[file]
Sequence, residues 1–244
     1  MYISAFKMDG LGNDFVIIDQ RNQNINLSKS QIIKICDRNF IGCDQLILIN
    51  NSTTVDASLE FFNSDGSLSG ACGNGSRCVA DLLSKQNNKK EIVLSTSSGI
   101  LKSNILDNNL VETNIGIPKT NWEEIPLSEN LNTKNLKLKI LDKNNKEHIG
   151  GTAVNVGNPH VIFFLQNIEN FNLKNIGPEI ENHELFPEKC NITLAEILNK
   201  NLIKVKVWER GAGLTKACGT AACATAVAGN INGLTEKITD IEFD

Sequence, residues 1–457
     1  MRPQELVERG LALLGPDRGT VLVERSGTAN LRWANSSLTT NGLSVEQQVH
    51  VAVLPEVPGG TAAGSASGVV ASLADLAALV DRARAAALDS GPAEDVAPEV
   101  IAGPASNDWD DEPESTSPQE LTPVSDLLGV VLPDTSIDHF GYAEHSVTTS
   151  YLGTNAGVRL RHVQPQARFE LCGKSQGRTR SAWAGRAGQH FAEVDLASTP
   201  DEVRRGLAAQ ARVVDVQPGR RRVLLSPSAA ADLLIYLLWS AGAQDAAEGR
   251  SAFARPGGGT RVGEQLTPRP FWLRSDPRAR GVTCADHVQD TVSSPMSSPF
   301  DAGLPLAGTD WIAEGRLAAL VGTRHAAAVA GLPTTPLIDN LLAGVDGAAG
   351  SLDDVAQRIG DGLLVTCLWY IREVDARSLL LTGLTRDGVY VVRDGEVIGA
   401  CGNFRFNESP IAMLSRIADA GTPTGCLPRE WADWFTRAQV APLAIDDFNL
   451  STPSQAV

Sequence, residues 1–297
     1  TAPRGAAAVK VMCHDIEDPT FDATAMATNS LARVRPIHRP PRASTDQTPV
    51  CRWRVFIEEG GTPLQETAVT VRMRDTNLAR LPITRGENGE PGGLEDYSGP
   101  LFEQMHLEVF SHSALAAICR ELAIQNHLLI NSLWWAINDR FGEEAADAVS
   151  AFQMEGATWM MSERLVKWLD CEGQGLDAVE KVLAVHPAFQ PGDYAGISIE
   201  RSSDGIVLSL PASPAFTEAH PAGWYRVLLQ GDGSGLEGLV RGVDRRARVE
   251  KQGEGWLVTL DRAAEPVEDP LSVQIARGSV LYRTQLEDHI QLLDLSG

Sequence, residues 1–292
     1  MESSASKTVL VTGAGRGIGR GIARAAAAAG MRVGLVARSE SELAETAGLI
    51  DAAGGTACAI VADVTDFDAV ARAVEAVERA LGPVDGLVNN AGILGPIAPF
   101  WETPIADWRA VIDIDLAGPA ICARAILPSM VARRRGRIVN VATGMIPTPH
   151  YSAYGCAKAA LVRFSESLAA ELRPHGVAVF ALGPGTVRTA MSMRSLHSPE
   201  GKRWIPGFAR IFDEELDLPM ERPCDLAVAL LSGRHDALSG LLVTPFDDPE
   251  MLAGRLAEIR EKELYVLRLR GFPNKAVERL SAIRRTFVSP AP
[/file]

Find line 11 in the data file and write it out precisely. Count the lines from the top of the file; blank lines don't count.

   151  YLGTNAGVRL RHVQPQARFE LCGKSQGRTR SAWAGRAGQH FAEVDLASTP